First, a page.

Share Your Story: Linda Regis

Posted by Eden Coleman on Mar 24, 2016 4:00:00 PM

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We have yet another exciting and helpful personal story of what it's like to live with chronic obstructive pulmonary disease (COPD). Today we hear Linda Regis' COPD story, who once lived a pretty normal and fast paced lifestyle. Up until Linda's COPD diagnosis she worked a typical 8-5 job, spent time with friends and family, and loved to enjoy the great outdoors by camping, fishing, or doing yard work. Her fast paced lifestyle is what made a family friend give her the nickname "rabbit".   

A lifestyle that many of you were once accustomed to living, but that all changed with four letters, C-O-P-D. Losing the ability to do enjoyable or basic daily activities often leads patients down a road of depression, stress, and as a result worsening symptoms. However, that doesn't have to be the case and certainly isn't with Linda. Read Linda's story and hear about her daily struggles at the onset of diagnosis and how she is able to cope with her lung disease in the long term so she can live life on her terms.

Linda Regis' COPD Story

What was life like leading up to your diagnosis?

Before COPD I lived life with a 8-5, Monday-Friday job that I truly enjoyed. I have always been told that I seemed to always be in a hurry to get no-where fast, I even received the nickname,"rabbit" from a family friend during my childhood because of that.

I think also being a waitress at an Enlisted Club on base, serving many military functions during my younger years, taught me to kick one step forward into two jumps quick. I still cannot walk slow. I loved camping, fishing, yard work, just loved the outdoors and always on the go!

How have you adjusted your lifestyle post-diagnosis?

After being diagnosed I have had to change my mindset, I found with having end stage COPD that it stopped my life as I knew it in it's tracks. I now have anxiety. It is a daily struggle to breathe, but I fight back. What freedoms I once had, came to a stand still on so many levels, so I had to shift my mindset from what I could do before vs what I can do now.

I try and find other things to enjoy to keep me staying positive and busy. I love gardening, I can't plant a garden of flowers anymore, but I can plant a few pots to water and still see beautiful flowers. (For a very short while in High School I was in a band).

I have always loved music, my voice is no longer strong enough to belt out those notes anymore, but I can sure lip sync with the best of them I bet! ; -) I bought the Body Gym off of QVC and do low impact exercises to keep my muscles from weakening.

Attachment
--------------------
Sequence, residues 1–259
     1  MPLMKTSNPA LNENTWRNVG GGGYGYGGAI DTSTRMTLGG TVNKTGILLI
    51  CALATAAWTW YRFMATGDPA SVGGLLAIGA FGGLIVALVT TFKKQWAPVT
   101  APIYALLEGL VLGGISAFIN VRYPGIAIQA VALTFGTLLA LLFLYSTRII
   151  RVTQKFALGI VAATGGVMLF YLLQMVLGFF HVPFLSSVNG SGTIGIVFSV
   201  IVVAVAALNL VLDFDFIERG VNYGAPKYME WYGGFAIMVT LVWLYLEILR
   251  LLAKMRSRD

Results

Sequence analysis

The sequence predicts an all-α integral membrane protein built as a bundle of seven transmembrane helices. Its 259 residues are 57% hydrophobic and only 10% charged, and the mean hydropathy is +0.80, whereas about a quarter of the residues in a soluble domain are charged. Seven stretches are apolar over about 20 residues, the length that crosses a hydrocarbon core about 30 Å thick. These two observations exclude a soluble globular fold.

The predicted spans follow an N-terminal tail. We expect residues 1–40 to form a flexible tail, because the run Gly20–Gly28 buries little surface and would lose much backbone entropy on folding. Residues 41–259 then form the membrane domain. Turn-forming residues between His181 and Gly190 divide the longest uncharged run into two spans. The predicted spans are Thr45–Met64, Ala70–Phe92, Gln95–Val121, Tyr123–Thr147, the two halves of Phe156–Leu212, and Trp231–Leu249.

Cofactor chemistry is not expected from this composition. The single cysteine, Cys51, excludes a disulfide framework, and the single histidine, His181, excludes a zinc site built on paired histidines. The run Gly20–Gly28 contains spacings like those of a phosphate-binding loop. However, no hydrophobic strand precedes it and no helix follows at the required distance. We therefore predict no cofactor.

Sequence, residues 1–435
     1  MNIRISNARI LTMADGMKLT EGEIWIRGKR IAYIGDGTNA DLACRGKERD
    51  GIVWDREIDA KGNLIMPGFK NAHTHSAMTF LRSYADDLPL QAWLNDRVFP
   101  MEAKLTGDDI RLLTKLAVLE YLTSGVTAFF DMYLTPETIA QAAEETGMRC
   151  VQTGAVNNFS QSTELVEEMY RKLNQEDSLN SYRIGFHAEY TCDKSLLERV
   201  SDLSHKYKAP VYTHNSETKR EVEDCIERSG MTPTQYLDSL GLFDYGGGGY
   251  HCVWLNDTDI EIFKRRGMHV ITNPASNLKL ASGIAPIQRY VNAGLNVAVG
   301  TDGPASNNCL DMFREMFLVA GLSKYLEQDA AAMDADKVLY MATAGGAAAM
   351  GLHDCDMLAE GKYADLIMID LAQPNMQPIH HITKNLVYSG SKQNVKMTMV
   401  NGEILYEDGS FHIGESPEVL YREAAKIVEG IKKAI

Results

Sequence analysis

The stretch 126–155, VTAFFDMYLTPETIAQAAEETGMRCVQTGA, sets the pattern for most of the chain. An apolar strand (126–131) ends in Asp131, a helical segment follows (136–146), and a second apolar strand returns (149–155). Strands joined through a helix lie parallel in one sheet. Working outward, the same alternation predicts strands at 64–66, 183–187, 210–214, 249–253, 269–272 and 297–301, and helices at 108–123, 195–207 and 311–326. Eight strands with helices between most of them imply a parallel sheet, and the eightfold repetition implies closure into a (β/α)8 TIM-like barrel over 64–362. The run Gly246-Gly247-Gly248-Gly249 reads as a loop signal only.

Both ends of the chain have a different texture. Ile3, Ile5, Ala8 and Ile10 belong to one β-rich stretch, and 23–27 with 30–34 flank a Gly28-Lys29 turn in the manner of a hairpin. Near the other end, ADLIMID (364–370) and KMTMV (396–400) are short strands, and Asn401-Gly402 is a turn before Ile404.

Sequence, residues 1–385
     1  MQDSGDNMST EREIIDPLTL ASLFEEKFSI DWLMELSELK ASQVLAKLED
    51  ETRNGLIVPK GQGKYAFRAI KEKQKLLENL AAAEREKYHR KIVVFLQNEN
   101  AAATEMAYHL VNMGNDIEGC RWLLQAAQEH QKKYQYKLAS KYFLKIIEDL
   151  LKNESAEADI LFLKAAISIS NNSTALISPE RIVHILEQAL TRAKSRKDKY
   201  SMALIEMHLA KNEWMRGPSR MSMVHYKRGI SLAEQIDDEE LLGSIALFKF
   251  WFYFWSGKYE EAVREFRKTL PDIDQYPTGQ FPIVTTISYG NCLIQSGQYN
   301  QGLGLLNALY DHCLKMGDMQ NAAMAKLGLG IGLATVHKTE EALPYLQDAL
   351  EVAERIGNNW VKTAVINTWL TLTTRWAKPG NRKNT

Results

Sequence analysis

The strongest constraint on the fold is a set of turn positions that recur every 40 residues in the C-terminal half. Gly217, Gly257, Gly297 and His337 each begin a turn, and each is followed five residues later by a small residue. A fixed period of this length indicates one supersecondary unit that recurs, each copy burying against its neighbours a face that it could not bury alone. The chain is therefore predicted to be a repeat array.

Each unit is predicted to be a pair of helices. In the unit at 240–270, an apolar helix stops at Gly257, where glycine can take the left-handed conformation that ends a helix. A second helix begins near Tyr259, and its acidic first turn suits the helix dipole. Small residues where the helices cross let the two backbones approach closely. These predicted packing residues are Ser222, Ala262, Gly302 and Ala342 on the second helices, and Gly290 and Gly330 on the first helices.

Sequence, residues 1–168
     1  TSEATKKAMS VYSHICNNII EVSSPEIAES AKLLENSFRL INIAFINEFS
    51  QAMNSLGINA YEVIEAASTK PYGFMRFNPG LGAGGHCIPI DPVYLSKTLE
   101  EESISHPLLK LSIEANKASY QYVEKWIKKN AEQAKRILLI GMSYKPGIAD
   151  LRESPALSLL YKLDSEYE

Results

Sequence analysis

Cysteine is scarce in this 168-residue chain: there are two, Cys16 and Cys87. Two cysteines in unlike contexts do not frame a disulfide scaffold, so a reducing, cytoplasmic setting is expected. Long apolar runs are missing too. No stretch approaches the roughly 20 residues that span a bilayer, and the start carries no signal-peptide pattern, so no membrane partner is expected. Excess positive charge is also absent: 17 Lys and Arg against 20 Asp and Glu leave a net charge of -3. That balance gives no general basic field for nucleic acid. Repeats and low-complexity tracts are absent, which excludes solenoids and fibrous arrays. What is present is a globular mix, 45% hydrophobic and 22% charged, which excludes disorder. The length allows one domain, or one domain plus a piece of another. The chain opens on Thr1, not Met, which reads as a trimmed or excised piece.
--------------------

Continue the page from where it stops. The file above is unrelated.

I try to walk in stores on my good days, but will reluctantly use the motorized cart on days I struggle. I have to plan and prepare my mindset and body with anything that takes exertion, from taking a shower, to preparing something to eat, to getting dressed. It all takes breaks and preparation now.

What friend/family members provide support? How?

I am blessed to have a lot of family and friends that if I need support all I need to do is call. I live with my daughter, she is a huge part of my support. She drives me to my appointments, she knows the extent of my disease, she helps me in so many ways, and never complains. I also have a two wonderful sons, a supportive and helpful daughter-in-law, my sisters, and many friends for support too.

What is your greatest achievement in life that you are most proud of?

My greatest achievement in life for me, accepting Jesus, Motherhood, being a Grandmother, and finding strength inside myself to fight this disease inside with courage I never knew I had, and appreciate every sunset and sunrise, for each one is truly a gift.

If you were talking to someone recently diagnosed with COPD, what's some advice you would give them?

Keep on fighting, stay positive, join support groups, I have met some wonderful people going through and feeling the same way I do, and it helps to be able to reach out to them for that boost of support when you need it. Find little things to keep active, write, read, play music, go for short walks (if you can).

Be cautious during flu season. Technology is great, when flu season comes around, we now have facetime, skype, so you can still talk with your family and friends, and actually see them. Rest when you have to, and know you are not alone, reach out.

What was the hardest thing to cope with after your diagnosis?

The loss of my job, not being able to do things I was be able to do before. Asking others for help. Being on oxygen 24/7. Missing out on a lot of family activities. Having an exacerbation.

What else should we know about you?

I have a sense of humor, I love to laugh. My kids and grand kids are my world. I have a strong will and try and be the best person that I can be. I always say "Tomorrow will soon be a borrowed today, make sure you appreciate every minute of it".

Conclusion

Thank you Linda for voicing your story with COPD and showing newly diagnosed or long-term COPD patients that incremental lifestyle changes can greatly improve their quality of life with COPD. Though a restrictive and progressive respiratory disease, COPD doesn't mean your life is over.

Instead, it's about perspective and how you view your diagnosis. Seeking out new treatments, looking at the glass half full, and surrounding yourself with a strong support system can enhance the efficiency of your treatment and lifestyle quality. Now it's time for you to share your story!

Share Your COPD Story

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